Medical Minute: Evidence-Based Management of Acute Bacterial Rhinosinusitis (ABRS) in Children and Adults

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July 22, 2015 by dailybolusoflr

By: Casey Wilson, MD

IDSA Guidelines: COCHRANE Systematic Review, 1980 – 2011
  • Cost Analysis: Total direct healthcare costs attributed to bacterial sinusitis ~ $3 Billion
  • 81% of adults prescribed antibiotics for bacterial sinusitis, despite the fact that 70% will improve without intervention in placebo-controlled RCT’s

 Major Recommendations

o   Diagnosis of ABRS
  •  > 10 days without clinical improvement
  • Purulent nasal discharge, high fever (> 102 F), facial pain > 3-4 days
  • Viral URI that initially improves over 5-6 days followed by worsening symptoms, “double sickening” (strong recommendation, moderate quality evidence)

o   Initial Empiric Treatment

§  Augmentin (not Amoxicillin) should be initial treatment in children for 10-14 days (strong recommendation, moderate quality evidence) and adults for 5-7 days (weak recommendation, low quality evidence)
§  Consider high dose (2 g PO BID or 90 mg/kg/day) Augmentin if high rate of PCN-resistent Strep. Pneumo, systemic toxicity, 65, recent hospitalization, daycare attendance, immunocompromised (weak recommendation, moderate evidence)
§  Macrolides (Clarithromycin, Azithromycin) and Bactrim not recommended due to high rates of resistance (~30-40%) (strong recommendation, moderate evidence)
§  PCN allergy: Doxycycline is good alternative for adults, Levofloxacin or Clinda + Cefpodoxime is good alternative in children (strong recommendation, moderate evidence)
§  Do not cover for MRSA empirically
o   Refractory Sinusitis

§  If symptoms worsen 48-72 hours after or fail to improve 3-5 days after
§  Should be evaluated for resistant pathogens, structural abnormalities, etc.
§  Cultures should be obtained via direct sinus aspiration, rather than NP swab, but cultures are unreliable and not recommended for the diagnosis of sinusitis (strong recommendation, moderate evidence)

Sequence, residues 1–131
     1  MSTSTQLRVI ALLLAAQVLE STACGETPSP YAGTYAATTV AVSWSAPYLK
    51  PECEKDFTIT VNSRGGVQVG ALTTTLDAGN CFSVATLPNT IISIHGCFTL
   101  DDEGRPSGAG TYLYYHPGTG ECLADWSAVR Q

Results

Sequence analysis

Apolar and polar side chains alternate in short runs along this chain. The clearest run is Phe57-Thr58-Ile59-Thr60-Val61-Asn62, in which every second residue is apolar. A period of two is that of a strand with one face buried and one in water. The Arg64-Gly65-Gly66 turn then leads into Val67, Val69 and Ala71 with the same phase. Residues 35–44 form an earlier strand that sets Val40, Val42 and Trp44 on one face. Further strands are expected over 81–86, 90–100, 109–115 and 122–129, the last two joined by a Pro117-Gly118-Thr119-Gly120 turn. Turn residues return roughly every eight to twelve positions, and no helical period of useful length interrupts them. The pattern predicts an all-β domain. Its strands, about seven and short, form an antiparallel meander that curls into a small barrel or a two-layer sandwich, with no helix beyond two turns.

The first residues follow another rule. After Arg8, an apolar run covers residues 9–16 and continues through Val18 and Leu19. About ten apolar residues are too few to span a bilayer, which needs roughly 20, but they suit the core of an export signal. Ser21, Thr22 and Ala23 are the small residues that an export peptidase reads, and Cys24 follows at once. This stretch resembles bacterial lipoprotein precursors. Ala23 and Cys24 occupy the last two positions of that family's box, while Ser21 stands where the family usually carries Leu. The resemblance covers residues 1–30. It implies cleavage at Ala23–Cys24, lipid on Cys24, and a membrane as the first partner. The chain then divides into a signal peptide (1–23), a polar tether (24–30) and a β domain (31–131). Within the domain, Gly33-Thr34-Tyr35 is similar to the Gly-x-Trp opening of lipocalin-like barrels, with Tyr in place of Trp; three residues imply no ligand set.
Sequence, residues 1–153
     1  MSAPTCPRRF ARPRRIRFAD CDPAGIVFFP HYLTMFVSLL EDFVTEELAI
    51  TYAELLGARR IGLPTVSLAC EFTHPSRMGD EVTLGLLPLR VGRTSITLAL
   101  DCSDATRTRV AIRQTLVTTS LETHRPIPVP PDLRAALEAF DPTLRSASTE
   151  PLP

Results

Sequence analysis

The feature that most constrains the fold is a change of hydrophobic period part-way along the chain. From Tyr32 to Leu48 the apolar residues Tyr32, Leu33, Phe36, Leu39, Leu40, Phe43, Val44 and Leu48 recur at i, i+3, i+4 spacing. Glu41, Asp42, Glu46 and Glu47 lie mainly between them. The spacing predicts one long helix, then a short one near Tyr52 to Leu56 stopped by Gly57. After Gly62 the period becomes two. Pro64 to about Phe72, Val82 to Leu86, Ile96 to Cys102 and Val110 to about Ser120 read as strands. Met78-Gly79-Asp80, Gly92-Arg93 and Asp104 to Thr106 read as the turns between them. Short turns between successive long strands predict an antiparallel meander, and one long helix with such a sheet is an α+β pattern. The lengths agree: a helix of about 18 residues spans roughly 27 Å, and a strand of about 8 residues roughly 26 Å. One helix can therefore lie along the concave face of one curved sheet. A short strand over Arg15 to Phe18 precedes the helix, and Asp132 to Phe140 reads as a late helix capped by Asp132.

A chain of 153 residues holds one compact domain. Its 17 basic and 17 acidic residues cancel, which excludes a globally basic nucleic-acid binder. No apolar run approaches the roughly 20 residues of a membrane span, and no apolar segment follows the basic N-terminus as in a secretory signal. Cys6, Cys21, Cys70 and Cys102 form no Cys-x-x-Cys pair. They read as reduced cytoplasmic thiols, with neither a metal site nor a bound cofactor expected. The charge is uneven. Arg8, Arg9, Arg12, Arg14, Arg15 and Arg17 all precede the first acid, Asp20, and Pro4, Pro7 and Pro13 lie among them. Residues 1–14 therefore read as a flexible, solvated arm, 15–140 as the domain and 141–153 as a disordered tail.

§  CT rather than MRI recommended for localization (weak recommendation, low evidence)
§  Refer to specialist (ENT, Allergist, Infectious Disease) IF immunocompromised, systemically ill, recurrence or extended courses of sinusitis despite antibiotics (good practice recommendation, not graded by evidence)
o   Topical or oral decongestants or antihistamines

§  Neither are recommended as adjunct treatment (strong recommendation, low-moderate evidence)
o   Intranasal corticosteroids

§  Recommended as adjunct treatment in patients with history of allergic rhinitis (weak recommendation, moderate evidence)
o   Nasal Saline Irrigation

§  Recommended as adjunct treatment in adults(weak recommendation, low-moderate quality evidence)
Chow, AW; et. Al. “IDSA clinical practice guidelines for acute bacterial rhinosinusitis in children and adults.” Clin Infect Dis. 2012 April; 54(8) e72-e112.
**It’s important to tailor antibiotic choice to your local community resistance patterns.  For example, Doxycycline is not included in the JHH antibiotic guide for ABRS management due to high levels of S. Pneumo (27%) and H. flu (35%) resistance.

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